Roy Hodgson must raise the bar to win back Liverpool fans

Liverpool manager's attempts to lower expectations has turned supporters against him, writes Michael Owen

By Michael Owen
roy hodgson
(Photo: Mikhail Slain)

roy hodgson

As he continues to prepare his side for Sunday’s clash against Blackpool, Roy Hodgson will be all too aware that his predecessor, Rafael Benítez, has returned to Merseyside as his Inter Milan future hangs in the balance.

It is not a sight that will worry Hodgson. Benítez’s time at Anfield has come to pass and it would be a considerable risk for Liverpool’s owners, Fenway Sports Group, to bring the Spaniard back to Anfield.

The memories of last season’s torrid campaign are still fresh in the minds of Liverpool supporters, and if Benítez was to make a shock return to Anfield, it would leave fans as divided as when he left.

When his stock was at its lowest amongst Liverpool’s support at least Benítez could still claim to have a large percentage of the Anfield faithful backing him. Just sixth months into his tenure at Anfield Hodgson has managed to harmonise the Reds fan base – but unfortunately for the former Fulham boss they are united against him.

Supporters, whether they are in the stands or on the internet, appear to be in agreement that Hodgson is not the right man to take Liverpool forward.

In his defence, Hodgson did face considerable uncertainty at the start of the campaign. The club had once again used the transfer market as a way to make a profit and there was an ongoing battle over its ownership, with no resolution being found until John W Henry stepped out of a solicitor’s office to announce FSG, then New England Sports Ventures, had taken control of Liverpool.

But it is Hodgson’s attempts to seemingly lower the expectations of everyone at the club that has ultimately turned the supporters against him. When he arrived at Anfield the club had just ended what was considered to be a disastrous season. The Reds had finished seventh, thus failing to qualify for the Champions League.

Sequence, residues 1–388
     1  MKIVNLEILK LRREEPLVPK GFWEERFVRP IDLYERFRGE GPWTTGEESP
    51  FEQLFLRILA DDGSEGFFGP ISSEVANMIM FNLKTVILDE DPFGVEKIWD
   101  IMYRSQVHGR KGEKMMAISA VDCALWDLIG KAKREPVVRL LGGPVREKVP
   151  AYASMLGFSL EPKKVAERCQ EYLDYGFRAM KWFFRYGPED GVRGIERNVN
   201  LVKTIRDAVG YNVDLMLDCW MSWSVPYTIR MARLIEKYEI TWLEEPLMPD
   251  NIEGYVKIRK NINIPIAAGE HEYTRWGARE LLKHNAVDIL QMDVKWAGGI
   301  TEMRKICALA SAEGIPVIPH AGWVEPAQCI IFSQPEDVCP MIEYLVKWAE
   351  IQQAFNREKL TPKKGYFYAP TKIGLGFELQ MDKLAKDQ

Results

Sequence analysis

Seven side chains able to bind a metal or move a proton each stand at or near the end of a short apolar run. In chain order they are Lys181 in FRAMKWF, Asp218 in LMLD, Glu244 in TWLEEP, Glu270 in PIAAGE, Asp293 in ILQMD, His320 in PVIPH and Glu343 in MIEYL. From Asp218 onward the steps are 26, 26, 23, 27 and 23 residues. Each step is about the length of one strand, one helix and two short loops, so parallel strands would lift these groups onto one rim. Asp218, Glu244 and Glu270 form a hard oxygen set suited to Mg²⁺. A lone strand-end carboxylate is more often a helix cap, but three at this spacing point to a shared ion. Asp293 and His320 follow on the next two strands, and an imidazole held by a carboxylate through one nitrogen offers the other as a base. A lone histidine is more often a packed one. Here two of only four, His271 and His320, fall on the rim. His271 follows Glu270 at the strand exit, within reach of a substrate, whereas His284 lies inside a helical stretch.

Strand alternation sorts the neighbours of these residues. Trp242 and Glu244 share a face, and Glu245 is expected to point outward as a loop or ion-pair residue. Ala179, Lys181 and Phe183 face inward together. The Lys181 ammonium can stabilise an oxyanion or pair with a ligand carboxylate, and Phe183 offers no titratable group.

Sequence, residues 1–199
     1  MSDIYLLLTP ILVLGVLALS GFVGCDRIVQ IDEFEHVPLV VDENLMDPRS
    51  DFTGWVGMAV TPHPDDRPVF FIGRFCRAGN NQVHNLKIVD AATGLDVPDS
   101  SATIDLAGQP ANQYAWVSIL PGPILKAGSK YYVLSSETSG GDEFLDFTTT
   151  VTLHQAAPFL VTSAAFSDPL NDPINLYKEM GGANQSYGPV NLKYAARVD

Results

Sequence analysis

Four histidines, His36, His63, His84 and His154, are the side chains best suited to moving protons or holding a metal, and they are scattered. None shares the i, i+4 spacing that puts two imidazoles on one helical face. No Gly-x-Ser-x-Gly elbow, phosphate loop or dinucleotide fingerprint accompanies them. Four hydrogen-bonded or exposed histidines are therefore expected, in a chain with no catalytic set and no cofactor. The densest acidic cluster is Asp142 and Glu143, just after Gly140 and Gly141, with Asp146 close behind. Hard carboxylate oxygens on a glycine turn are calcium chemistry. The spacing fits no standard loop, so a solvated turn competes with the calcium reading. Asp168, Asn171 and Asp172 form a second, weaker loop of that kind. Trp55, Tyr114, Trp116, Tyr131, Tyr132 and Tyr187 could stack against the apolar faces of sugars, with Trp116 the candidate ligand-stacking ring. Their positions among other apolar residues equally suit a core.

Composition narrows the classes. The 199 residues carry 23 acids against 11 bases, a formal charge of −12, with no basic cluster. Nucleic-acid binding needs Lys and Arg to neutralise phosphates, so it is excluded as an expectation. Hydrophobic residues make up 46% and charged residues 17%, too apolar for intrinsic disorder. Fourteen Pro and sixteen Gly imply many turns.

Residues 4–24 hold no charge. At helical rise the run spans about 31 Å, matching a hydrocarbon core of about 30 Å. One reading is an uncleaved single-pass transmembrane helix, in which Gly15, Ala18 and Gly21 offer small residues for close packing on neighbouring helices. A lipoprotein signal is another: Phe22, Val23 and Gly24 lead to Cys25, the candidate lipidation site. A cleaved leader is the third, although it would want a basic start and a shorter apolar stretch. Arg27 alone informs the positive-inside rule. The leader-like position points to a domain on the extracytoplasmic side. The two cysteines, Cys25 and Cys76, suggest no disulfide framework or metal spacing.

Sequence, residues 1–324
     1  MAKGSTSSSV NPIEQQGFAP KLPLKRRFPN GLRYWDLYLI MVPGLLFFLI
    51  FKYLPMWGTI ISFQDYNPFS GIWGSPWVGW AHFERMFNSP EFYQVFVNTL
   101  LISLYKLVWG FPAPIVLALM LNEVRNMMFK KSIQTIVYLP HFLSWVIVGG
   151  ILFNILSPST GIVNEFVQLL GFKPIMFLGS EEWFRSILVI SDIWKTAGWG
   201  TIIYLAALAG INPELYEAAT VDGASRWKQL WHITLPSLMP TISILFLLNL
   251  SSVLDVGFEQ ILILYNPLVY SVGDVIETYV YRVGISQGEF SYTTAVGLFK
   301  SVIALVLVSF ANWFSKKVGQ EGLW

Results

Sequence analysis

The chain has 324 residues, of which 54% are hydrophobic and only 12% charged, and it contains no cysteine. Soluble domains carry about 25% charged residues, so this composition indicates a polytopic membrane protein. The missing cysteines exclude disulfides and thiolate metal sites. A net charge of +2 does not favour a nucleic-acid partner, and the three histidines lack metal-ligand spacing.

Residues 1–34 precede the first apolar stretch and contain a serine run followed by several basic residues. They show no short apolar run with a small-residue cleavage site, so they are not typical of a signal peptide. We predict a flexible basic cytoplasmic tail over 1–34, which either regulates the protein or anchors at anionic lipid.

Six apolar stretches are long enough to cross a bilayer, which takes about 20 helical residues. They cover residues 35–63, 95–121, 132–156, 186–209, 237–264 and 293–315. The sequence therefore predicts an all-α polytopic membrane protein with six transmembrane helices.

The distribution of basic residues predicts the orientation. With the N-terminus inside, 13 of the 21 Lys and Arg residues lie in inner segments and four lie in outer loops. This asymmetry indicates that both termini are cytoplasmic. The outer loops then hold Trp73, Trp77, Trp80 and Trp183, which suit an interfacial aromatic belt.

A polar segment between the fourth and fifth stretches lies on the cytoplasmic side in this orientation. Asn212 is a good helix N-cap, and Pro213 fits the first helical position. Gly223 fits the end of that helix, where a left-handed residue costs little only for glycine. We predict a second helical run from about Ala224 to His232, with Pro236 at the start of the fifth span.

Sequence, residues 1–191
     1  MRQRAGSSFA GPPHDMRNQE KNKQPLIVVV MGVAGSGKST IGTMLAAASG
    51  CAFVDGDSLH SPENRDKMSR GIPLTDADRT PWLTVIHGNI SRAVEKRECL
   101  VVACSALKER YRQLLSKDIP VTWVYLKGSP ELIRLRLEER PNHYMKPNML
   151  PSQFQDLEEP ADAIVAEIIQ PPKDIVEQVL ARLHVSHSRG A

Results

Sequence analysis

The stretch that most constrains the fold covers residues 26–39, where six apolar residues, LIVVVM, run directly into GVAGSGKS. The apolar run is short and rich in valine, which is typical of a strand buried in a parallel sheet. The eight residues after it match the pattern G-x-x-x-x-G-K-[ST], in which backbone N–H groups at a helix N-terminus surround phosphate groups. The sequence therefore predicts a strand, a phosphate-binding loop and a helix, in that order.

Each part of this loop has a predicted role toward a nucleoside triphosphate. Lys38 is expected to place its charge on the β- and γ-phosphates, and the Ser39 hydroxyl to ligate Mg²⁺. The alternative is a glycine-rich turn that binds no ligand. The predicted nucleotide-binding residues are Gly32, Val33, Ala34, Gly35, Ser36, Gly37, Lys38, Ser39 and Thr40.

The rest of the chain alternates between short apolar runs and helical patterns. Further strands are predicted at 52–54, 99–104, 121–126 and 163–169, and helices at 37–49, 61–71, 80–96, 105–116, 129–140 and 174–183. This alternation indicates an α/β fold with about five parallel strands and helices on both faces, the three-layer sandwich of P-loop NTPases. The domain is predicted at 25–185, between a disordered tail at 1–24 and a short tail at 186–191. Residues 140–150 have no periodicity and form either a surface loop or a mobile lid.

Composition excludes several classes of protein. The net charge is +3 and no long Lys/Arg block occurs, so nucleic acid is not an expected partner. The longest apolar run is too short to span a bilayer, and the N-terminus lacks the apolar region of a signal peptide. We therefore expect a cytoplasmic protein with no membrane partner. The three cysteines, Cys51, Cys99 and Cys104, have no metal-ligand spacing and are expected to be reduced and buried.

Yet just last week Hodgson stated it was unlikely Liverpool would be returning to the competition any time soon, suggesting it will take more than just this season to fix the problems at Anfield.

“I would plead for patience really,” he said. “Of course we want Liverpool to be the Liverpool of old. We want to be up there every year competing in the Champions League.

“But we might have to accept that it will take us more than a few months. That would be a small price to pay if you get it right. You only have to look at teams who have tried to stay in the league or get into the top four.

“Clubs have virtually been destroyed by people making bad decisions. It’s not because the owners haven’t given money or supported the manager. It’s just that they have brought in the wrong people.”

Yet while Hodgson was dismissing Liverpool’s Champions League chances, goalkeeper Pepe Reina -the man often touted as a future club captain -suggested that Liverpool would, and should, be challenging for the league title next season.

“I hope within a year, or a couple of years, we can be up there again.” Reina said. “We want to be back competing with the top clubs again. That is how it should be.

“I am committed here and I want us to win titles. What else can I say or do? It is something the press talks about.

“All I want to talk about is Liverpool and hopefully finishing as high as we can. That is where Liverpool should be year in, year out.

“That is what we want and that is what we are all looking for. We will hope it can be that way again but, at the moment, it is not like that. ”

Liverpool’s principle owner Henry appears to agree with Reina. He has suggested that the Merseyside club should be aiming to challenge for major honours in both England and Europe again within “three to five years”.

Yet Hodgson’s comments do not seem to reflect the aspirations of Henry and Reina – and that raises doubts over how long everyone involved with the club can continue before the vast difference in ambition begins to have a negative impact on affairs both on and off the pitch.

Hodgson must change his mentality to match that of the owners, the players and the fans. Otherwise, his spell at Anfield is likely to continue on as unsuccessfully as it has begun.

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